# Calculating aperture vs DOF (re infinity)

Discussion in 'Photography' started by BD, Dec 12, 2005.

1. ### BDGuest

Hi, all.

Is there a quick and dirty way I can calculate ahead of time the
'minimum' distance that will be in focus when I set my camera to
infinity, given a specific f-stop?

reason I ask is I want to take pictures of a _large_ area, in low
light, and want to keep as much in focus as I can. But I also would
like to minimize my exposure because people may be milling about during
the exposure - it's a public area.

If not for the possibility of passersby, I'd go for f/16 or higher,
thereby ensuring that most of the area is in focus. But to also capture
the moving people, I'd want to go wide open. My 50mm lens goes to
f/1.8, and I am getting a 150mm f/2.8 next week.

If I knew that (for example) at f/1.8, with focus set at infinity (or
the far end of the subject area), everything up to 500 feet would still
be in focus, I could more easily gauge what the best balance of
aperture and exposure will be for my efforts.

Hope I'm making sense.

Thanks,

BD

BD, Dec 12, 2005

2. ### UCGuest

UC, Dec 12, 2005

3. ### BDGuest

It's called the hyperfocal distance.

Ah, very good! Thanks!

BD, Dec 12, 2005
4. ### BDGuest

It's called the hyperfocal distance.

What it says to me is that if you have your camera set to infinity,
then going by the chart in the article, an object will be in focus up
to the distance indicated.

So, if you then focus on an object that same distance away (or an
object between that distance and infinity), then objects at infinity
will still remain in focus, as will objects that are closer than that
distance. You're making better use of your focal range.

The analogy I see is one of a sphere: your focal range is a sphere, and
when you focus on an object at the very back of the scene, you're
'wasting' half of your focal range, because half of it is behind the
object at the back of the scene. So focusing on an object closer than
the very back will bring more objects into the focal range, and still
keep the objects at the far back in range as well.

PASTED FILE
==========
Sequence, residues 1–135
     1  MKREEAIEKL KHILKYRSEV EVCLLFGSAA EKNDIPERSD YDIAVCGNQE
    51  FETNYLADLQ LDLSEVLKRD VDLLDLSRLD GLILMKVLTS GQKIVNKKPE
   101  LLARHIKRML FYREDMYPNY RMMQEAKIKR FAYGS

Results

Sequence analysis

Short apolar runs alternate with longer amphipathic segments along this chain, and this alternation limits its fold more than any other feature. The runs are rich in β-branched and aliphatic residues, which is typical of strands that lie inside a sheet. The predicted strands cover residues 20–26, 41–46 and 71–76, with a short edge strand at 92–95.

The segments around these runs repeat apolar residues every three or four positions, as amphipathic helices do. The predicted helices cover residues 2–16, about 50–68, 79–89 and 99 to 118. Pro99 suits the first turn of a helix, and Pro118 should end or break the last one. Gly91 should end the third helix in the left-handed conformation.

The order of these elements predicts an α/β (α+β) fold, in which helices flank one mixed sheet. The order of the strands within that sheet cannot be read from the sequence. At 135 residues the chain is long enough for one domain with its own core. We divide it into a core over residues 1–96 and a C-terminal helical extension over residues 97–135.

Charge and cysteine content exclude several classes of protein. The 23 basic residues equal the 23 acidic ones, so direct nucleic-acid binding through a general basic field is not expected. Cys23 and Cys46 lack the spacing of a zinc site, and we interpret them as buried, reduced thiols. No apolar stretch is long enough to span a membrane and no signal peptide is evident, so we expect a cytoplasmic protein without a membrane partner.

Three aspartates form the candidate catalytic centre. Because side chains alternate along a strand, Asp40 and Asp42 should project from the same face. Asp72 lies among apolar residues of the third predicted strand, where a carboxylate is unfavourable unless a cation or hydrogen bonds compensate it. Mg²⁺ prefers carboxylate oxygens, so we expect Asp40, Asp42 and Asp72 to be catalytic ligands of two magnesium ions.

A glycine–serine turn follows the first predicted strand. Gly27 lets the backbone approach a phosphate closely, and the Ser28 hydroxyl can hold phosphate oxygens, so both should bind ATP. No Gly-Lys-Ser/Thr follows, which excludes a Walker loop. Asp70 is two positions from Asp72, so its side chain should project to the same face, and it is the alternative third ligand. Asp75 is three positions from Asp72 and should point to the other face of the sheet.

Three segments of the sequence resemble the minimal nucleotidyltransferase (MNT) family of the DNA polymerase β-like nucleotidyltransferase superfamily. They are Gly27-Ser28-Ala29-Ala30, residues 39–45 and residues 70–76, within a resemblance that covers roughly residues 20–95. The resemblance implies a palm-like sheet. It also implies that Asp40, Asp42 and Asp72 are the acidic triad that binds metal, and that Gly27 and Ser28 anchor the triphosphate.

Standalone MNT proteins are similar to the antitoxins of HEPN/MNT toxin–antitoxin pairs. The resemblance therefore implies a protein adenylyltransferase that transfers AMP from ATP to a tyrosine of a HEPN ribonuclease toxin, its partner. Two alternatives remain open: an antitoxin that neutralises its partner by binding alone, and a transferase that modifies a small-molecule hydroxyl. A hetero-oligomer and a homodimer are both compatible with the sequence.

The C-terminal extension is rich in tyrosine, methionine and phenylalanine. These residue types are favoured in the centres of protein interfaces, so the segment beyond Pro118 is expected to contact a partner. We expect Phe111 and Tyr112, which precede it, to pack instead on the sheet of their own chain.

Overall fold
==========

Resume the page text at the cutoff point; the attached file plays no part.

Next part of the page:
Does that analysis make sense? Do you agree? Am I completely confused?

BD, Dec 12, 2005
5. ### UCGuest

Correct.

UC, Dec 12, 2005
6. ### BDGuest

Correct.

Very useful.

BD, Dec 12, 2005
7. ### Mark W. OotsGuest

Many lenses have the f stops printed on both sides of the focus mark. If you
set the f stop to f16, then set the inifnity mark to the f 16 mark on that
side of the focus mark, then everything between the f 16 marks are in focus.
And yes, it is called the hyperfocal range or hyperfocus. Many of the large
format senics that you see use the same method, but perhaps with apetures as
small as f 64, with everything from a foot or 2 to infinity in focus.

It can be very valuable when doing "grab shots" while walking along. Set to
the hyperfocal, point, shoot. Also handy for shooting over crowds, "the Hail
Mary" shot, hold camera high, point, shoot, pray!

Zoom lenses are harder to preset, since you get greater DOF at shorter focal
lengths.

Mark

Mark W. Oots, Dec 13, 2005
8. ### BDGuest

Many lenses have the f stops printed on both sides of the focus mark.

I don't believe I'll have that available; this is for a DSLR, and I
don't recall seeing any printed f-stop markers on the lens.

BD, Dec 13, 2005
9. ### PcBGuest

Many lenses have the f stops printed on both sides of the focus mark.
You can get depth-of-field calculators on the web, see

http://dfleming.ameranet.com/custom.html
http://www.outsight.com/hyperfocal.html
http://bobatkins.com/photography/technical/dofcalc.html

etc.

Perhaps you could compile a series of tables to carry with you?

--
Paul ============}
o o

// Live fast, die old //

PcB, Dec 14, 2005
10. ### BDGuest

Perhaps you could compile a series of tables to carry with you?

That's exactly what I plan to do; I have seen some of these calculators
(thanks for that), and will insert some likely focal length and
aperture values to get the hyperfocal distance etc. Should prove useful.

BD, Dec 14, 2005
11. ### T RockGuest

Is there a quick and dirty way I can calculate ahead of time the
It's also useful to decide what to focus on and then calculate what else is
in focus...

The code I posted in the 'DOF Calculator' subject below runs in a
keystroke-programmable RPN HP calculator. Once the code is keyed into the
calculator it stays in the calculator until the batteries die. Of course the
idea is that a computer is not going to be carried with the camera equipment
but a LCD calculator can be carried...

Put the COF (in meters) that is relevant to your camera on line A15 in the
code...

T Rock, Dec 14, 2005